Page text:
Spotlight on Latino Commission on AIDS President Guillermo Chacon
March 17, 2010
Guillermo Chacon, longtime community organizer, was promoted to president of the Latino Commission on AIDS (LCOA) last October. Chacon has worked at LCOA since 1995 and is no stranger to AIDS advocacy. He replaced former President Dennis deLeon, who died of AIDS in December.
Whatever Chacon does will be compared to deLeon, who was the president and public face of LCOA. Whe deLeon became president of the Latino Commission on AIDS in 1994, the organization had a staff of two. It now has a staff of 45 and a budget of $5 million.
DeLeon's death hit Chacon hard. "I lost not only my boss, but I lost someone I've seen as a family member, like my oldest brother," he said. Chacon said he has big shoes to fill.
"It's easy to destroy an organization. It's much harder to keep the organization going," Chacon said. "And I'm following someone as powerful as Dennis was, with a strong profile and record of accomplishment."
AIDS advocates have high praise for Chacon and expect him to take Latino Commission on AIDS in a fresh direction and further expand the organization's grassroots efforts.
"In the 10 years that I've known 'Guillo' and worked with him in the fight against the HIV/AIDS epidemic, I've never met anyone with more energy, dedication and commitment to the cause," Executive Director of Bronx AIDS Services Jose M. Davila said. "His integrity, passion and inclusiveness make him a formidable warrior, and you definitely want to be on his side. His appointment as President of the Latino Commission on AIDS guarantees that the important work they do on behalf of Latinos and all people affected by HIV/AIDS will continue, as well as expand to provide stronger advocacy and leadership in addressing the many social ills that contribute to the spread of this disease."
"I Wanted to Be on the Right Side of Justice"
Chacon is a community organizer by trade and feels the organizing spirit in his bones. He began community organizing in his parish in El Salvador at age 14. He left El Salvador in 1983 because of the civil war that ravaged the country. However, he went back and forth until he emigrated to the United States permanently in 1995. But he said experiencing the civil war "left an imprint on my soul."
"I wanted to be on the right side of justice," Chacon said.
"Guillermo has the soul for collaboration," said Housing Works President and CEO Charles King. "His own experience as a political refugee and immigrant to the United States has made him acutely sensitive to the needs and yearnings of all types of marginalized people as well as the critical importance of collaboration."
It was in the capacity of working against human rights violations in El Salvador that Chacon met deLeon, then the New York City Human Rights Commissioner. In 1995, when he planned to move back to the United States permanently, deLeon offered Chacon a job as a community organizer in 1995, even though at the time Chacon had little HIV/AIDS experience.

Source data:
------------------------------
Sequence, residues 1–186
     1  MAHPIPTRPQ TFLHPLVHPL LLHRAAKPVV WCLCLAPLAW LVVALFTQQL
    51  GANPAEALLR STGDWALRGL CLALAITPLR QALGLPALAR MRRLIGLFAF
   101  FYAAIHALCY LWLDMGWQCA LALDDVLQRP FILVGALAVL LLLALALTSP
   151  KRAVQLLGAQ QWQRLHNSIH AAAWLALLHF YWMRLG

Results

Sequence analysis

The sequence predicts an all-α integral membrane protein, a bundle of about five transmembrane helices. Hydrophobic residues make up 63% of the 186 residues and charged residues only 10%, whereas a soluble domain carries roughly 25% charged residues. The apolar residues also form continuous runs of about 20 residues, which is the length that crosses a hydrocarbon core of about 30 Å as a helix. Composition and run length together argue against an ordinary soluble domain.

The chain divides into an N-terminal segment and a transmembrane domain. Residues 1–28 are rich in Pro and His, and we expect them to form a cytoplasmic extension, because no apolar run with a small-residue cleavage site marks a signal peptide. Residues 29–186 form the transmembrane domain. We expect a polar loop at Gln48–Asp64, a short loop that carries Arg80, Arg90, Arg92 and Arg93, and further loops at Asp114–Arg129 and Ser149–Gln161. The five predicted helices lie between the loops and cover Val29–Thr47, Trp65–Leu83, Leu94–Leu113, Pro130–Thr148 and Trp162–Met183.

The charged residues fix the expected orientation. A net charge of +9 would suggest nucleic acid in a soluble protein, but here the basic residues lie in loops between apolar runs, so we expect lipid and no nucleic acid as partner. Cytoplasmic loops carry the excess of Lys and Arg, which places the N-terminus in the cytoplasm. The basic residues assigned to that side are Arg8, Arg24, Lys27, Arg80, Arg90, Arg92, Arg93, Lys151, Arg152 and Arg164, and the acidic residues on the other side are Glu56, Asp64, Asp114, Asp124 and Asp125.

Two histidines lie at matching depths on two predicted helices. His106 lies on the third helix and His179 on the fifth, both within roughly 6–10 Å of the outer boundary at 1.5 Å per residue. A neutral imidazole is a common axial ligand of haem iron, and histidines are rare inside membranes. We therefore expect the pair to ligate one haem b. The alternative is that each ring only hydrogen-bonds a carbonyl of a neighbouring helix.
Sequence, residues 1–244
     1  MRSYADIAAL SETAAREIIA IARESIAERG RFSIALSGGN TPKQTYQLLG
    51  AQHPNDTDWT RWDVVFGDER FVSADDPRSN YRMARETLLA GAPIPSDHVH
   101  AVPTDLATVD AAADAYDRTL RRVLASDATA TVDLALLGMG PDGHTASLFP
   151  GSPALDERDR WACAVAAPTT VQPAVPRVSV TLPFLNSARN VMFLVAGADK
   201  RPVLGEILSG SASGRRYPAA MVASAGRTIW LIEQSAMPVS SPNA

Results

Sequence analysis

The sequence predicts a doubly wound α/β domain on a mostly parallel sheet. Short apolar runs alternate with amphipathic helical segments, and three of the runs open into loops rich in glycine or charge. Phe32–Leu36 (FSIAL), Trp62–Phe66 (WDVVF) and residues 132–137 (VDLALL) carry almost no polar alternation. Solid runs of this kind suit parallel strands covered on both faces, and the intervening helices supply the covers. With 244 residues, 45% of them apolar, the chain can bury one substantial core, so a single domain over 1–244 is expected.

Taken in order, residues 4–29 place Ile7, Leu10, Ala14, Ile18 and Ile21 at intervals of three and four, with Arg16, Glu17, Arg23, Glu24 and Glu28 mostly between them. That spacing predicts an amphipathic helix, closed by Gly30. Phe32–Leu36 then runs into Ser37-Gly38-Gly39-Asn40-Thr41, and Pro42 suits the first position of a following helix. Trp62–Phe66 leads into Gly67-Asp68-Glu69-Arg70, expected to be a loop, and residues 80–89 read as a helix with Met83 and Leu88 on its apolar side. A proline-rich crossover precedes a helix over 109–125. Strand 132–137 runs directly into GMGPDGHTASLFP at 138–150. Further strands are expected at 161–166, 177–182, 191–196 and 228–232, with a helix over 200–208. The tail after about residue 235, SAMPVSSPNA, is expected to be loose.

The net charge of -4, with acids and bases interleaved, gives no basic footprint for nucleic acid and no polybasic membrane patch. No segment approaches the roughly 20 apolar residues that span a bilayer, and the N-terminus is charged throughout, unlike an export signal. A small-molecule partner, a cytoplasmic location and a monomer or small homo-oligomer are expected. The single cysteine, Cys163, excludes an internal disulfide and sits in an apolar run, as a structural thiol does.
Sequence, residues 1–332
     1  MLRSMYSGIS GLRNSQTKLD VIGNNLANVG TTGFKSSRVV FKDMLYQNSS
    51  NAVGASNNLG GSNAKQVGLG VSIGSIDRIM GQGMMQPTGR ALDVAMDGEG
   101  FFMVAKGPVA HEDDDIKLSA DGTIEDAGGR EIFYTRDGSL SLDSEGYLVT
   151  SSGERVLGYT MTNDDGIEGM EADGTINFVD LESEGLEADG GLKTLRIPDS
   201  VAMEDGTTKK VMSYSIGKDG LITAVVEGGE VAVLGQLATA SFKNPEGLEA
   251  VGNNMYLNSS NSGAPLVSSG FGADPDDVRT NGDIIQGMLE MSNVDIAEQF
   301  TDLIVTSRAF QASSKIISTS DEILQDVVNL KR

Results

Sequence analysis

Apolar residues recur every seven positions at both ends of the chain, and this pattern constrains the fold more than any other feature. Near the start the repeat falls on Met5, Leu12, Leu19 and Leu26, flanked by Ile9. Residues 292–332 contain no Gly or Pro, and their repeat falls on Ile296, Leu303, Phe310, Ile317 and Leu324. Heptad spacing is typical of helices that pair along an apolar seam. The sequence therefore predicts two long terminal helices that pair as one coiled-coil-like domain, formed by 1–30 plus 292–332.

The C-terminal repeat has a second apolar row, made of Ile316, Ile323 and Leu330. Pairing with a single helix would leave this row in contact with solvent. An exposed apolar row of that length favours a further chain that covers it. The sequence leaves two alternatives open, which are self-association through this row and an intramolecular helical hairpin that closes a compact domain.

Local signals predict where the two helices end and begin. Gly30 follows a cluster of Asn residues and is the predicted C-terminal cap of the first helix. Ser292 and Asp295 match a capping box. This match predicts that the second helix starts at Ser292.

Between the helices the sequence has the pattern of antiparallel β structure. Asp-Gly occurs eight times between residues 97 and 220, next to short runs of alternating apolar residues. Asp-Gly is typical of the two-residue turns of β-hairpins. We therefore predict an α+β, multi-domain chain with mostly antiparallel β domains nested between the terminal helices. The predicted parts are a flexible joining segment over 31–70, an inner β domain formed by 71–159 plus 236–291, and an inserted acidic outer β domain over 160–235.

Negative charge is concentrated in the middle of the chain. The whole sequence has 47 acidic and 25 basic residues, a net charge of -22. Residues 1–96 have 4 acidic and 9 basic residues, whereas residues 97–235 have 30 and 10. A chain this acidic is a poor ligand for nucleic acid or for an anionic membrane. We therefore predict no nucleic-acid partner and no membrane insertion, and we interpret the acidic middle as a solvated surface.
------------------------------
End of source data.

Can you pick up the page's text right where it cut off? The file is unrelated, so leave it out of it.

"Dennis had strong sense of community organizing and the best proof of that is that I'm here talking to you," Chacon said. "Otherwise, maybe he would have hired an expert."
Chacon did have a little experience with HIV/AIDS from working at a San Francisco food pantry in the 1980s. A young Salvadorian gay man who was a regular told him he was going to stop coming because he had AIDS.
"I said, 'Why would you do that? We'll educate everybody in the agency,'" Chacon said. "All the phobias, all the stigmas, we create those."
Chacon rose through the rank and file at LCOA over the last 15 years. He views his largest contributions to the organization as launching the National AIDS Awareness Day in 2003, and creating the National Hispanic AIDS Leadership Summit, which brings together organizers from across the country.
Chacon said he is excited to build partnerships with new organizations and renew old alliances. He said he is looking forward to working with Housing Works on efforts organizing people living with HIV/AIDS.
"Latino Commission on AIDS values Housing Works and its commitment to organizing in Puerto Rico and Haiti," Chacon said.
He said that in Puerto Rico, which is dealing with an AIDS crisis, there's a need to support organizations on the ground. "Our role is to be a strong source of support and be in any area that advocates and improves mobilizing communities. We need to make sure we interact in a very respectful way."
Chacon looks forward to further expanding outreach efforts, and viewing the HIV/AIDS epidemic in a broader context.
"We've got to begin to look at HIV/AIDS as a continent-wide concern," Chacon said. "With Census 2010, probably health care reform, and later immigration reform, it's a moment for all of us to think outside the box. We're at the turning point. It's a challenging time, and we need to renew commitment to promote unity and collaboration."
This article was provided by Housing Works. It is a part of the publication Housing Works AIDS Issues Update. Visit Housing Works' website to find out more about their activities, publications and services.
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